More than half of Asian Canadians have suffered discrimination over the past year, according to a new survey from the Angus Reid Institute.
In the survey published Tuesday, 58 percent of respondents said they have experienced incidents of discrimination in the past 12 months. More than a quarter — 28 percent — said these situations happen “all the time” or “often.”
People who are young and lower-income are more likely to experience more intense forms of bigotry, according to the survey.
The survey was conducted online in conjunction with the University of British Columbia. The institute surveyed a total of 631 people — 580 Canadians who self-identify as ethnically Chinese, as well as 77 individuals who self-identify as ethnically East Asian or Southeast Asian.
Other key findings include how incidents have been perceived, with the survey suggesting 53 percent of Asian Canadians who experienced racism said the incidents were hurtful and have stayed with them.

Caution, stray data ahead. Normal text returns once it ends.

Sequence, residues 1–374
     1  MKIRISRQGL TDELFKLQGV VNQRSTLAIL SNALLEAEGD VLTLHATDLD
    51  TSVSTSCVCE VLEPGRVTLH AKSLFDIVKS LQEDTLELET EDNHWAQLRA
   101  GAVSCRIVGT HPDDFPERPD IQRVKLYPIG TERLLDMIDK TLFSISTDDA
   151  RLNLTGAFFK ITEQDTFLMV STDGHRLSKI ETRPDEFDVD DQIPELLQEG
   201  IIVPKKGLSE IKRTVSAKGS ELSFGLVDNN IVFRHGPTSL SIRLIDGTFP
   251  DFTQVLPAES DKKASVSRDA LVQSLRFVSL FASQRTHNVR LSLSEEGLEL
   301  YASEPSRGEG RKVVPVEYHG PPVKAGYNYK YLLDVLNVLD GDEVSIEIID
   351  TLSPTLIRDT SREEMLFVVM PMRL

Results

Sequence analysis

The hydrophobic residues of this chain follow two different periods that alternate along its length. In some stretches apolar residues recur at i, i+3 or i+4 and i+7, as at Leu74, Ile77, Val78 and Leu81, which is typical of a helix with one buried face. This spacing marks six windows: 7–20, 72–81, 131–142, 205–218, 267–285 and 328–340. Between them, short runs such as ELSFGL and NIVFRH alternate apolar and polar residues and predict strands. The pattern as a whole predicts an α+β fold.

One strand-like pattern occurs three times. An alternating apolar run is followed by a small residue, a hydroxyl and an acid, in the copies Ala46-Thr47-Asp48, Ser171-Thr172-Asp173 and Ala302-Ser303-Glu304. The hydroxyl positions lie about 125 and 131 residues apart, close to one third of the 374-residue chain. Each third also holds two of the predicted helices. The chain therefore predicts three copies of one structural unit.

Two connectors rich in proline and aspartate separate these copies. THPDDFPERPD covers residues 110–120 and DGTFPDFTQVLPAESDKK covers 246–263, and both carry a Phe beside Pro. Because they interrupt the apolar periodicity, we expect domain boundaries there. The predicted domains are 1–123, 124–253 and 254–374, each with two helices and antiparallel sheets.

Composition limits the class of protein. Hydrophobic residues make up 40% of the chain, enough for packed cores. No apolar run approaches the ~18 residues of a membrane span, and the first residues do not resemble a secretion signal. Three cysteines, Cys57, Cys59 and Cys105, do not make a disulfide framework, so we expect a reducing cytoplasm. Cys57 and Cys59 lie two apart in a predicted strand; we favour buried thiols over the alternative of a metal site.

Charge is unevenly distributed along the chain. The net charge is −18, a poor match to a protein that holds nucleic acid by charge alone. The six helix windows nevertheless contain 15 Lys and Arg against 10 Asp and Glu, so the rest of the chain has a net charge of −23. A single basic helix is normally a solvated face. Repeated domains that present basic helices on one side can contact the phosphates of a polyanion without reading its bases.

Two in five, or 38 percent, of respondents who had faced discrimination, said they were troubled but able to put it aside, while nine percent said they have not been affected, according to the survey’s results.
The institute also questioned a further 1,877 respondents who identified as non-Asian for an upcoming series examining diversity and racism in Canada. One in five said they felt “most or all Asian Canadians do not contribute to the broader community,” the institute said.
Doris Mah, the founder of the Stand With Asians Coalition, said that finding stood out. “This is appalling,” Mah told CBC News.
Ms. Mah was born in Hong Kong and emigrated to Canada with her family more than 30 years ago.
She points to how Chinese workers were crucial to the construction of the Canadian Pacific Railway as just one of the many contributions from the Asian community.
Since the onset of the COVID-19 pandemic, reports of anti-Asian racism and xenophobia have risen in B.C.
In late March of this year, 500 people gathered at the Vancouver Art Gallery to denounce the hate.
Several other cities in B.C., including Victoria, have also made proclamations denouncing racism and pledging programs to help combat it.
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